|★ HARDWARE ★ MONTAGES ★ Upgrading the DMP 2000 printer ★|
|Upgrading the DMP 2000 printer|Computing With the Amstrad)||Hardware Montages|
AFTER reading the review of the Amstrad DMP 2000 printer in the May 1986 issue of Computing with the Amstrad I rushed round to my local store and bought one.
I connected it up and started to use it with my favourite word processor. The results were very good, but I found that I was waiting for the printout when I wished to process the next item. Being impatient and rather nosy I decided to take a look inside the printer.
Having established from the technical information in the handbook that there is a 2k buffer I found the relevant chip - a 6116 24 pin static RAM - in a 28 pin socket, and there beside it a space for a two-way selection jumper.
Tracing the tracks of the PCB showed me that this printer can be upgraded easily by replacing the 2k RAM chip with an 8k one and changing the jumper on the PCB.
This can be achieved either by a simple cut and the insertion of a new link, or in certain cases by moving a jumper.
The installation of this upgrade may invalidate your guarantee, so check first with whoever sold you the printer. I was assured by my retailer that he would still honour it if the change was neatly done.
The resulting modifications provide a buffer that will hold four pages of text compared with the original one. Anyone who can link two adjacent solder pads with thin wire and carefully replace a CMOS RAM chip can improve the printer throughput fourfold.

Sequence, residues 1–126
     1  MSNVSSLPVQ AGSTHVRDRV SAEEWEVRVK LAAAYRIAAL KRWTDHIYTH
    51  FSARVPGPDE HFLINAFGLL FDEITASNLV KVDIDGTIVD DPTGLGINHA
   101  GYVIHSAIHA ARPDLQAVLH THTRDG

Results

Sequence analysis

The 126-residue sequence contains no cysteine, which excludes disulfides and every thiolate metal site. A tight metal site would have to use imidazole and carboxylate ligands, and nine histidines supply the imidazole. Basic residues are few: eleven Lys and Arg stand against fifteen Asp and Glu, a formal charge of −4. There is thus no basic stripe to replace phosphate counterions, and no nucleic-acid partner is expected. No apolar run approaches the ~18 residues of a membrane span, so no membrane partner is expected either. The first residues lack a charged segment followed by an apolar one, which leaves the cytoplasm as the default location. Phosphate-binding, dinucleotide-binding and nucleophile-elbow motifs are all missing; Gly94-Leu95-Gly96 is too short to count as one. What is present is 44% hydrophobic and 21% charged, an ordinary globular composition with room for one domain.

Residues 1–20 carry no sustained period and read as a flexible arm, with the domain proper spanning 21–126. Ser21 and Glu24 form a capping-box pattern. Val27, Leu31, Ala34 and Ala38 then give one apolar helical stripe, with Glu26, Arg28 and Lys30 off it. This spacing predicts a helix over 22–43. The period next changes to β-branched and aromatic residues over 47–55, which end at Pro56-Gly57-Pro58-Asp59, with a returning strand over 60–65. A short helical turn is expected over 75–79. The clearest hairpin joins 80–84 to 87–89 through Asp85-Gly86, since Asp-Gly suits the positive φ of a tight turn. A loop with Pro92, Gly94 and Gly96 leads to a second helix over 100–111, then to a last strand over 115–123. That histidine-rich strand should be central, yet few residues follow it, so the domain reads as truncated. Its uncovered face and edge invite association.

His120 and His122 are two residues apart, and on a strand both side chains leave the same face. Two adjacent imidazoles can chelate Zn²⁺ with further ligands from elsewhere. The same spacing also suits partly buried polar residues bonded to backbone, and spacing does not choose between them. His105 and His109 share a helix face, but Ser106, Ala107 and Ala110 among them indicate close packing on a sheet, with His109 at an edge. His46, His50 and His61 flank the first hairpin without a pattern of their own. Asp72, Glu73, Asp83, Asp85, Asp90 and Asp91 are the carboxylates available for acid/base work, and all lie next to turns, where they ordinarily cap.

The alterations involve the following simple steps:
Firstly ensure that the mains lead Is unplugged and turn the printer upside down. Then remove the six screws from the bottom of the case. Turn the printer the right way up with the back facing you.
Carefully lift the top cover - the mains cable and switch may stick slightly in the top. Then unplug the ribbon cable going to the cover switches from CN3.
Put the top cover on one side and remove the two screws from the Centronics plug - the inner one is not a self-tapping screw.
Note the position of the missing jumper J3 - indicated in the photograph. If you have a jumper link at J3 change it to the right link and move on to the chip itself. The centre and left pads are connected on the underside of the PCB.
Gently lift the PCB upwards and backwards to view the underside of J3. Then with a sharp scalpel cut the link between J3's centre and left pads and solder a link between J3's centre and right pads.
Carefully replace the PCB and the screws in the Centronics plug. Remove IC10 - the 6116 chip - and insert the 6264 making sure that the notch faces in the same direction, that is to the rear of the machine.
Replace the ribbon connector and the cover, and finally replace the screws in the base.
That completes the upgrade. Now you should carry out a self-test by switching on the printer with the LF button pressed. If all is not well carefully check your work and that the IC is correctly inserted with no bent legs.
Once the test works switch the printer on as normal, load in your favourite word processor, print a long item and notice the speed at which the prompt returns.
If you have any qualms about making these alterations it might help you to know that I carried out the upgrade to my printer over six months ago and it has functioned perfectly ever since.